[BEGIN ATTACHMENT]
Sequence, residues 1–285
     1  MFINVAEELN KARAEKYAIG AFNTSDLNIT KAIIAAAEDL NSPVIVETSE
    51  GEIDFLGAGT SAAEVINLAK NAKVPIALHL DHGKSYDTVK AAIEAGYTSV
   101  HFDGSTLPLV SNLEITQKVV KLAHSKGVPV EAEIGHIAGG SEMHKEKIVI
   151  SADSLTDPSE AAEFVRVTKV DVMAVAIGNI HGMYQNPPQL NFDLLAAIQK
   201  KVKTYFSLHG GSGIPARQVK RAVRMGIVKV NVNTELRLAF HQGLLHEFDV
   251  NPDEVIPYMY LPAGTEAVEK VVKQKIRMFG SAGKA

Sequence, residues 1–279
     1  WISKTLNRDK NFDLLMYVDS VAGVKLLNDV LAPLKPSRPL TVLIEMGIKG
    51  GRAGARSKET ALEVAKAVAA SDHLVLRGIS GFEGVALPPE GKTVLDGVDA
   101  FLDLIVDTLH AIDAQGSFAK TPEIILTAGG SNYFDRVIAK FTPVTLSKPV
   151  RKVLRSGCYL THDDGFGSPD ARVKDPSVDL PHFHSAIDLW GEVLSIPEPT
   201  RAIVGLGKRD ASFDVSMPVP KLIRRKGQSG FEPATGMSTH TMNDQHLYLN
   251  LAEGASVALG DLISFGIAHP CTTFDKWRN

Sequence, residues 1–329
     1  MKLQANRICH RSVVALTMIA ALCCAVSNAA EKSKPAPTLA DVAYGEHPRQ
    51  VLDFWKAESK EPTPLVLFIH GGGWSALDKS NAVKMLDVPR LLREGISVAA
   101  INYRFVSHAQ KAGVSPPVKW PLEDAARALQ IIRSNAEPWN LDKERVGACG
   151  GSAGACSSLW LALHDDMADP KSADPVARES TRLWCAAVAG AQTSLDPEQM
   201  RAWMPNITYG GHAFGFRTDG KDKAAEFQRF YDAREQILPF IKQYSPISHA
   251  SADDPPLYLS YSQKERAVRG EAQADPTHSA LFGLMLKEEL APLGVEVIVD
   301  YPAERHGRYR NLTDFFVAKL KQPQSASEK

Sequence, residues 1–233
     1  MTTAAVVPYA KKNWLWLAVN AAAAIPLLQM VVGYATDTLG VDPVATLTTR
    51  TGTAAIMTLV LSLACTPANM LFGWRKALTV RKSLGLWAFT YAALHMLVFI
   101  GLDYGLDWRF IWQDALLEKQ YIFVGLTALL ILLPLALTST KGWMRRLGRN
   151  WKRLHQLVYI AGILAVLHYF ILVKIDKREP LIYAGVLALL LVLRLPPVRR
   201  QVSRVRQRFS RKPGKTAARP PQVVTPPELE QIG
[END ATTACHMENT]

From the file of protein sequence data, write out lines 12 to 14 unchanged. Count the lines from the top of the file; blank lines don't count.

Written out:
   151  RKVLRSGCYL THDDGFGSPD ARVKDPSVDL PHFHSAIDLW GEVLSIPEPT
   201  RAIVGLGKRD ASFDVSMPVP KLIRRKGQSG FEPATGMSTH TMNDQHLYLN
   251  LAEGASVALG DLISFGIAHP CTTFDKWRN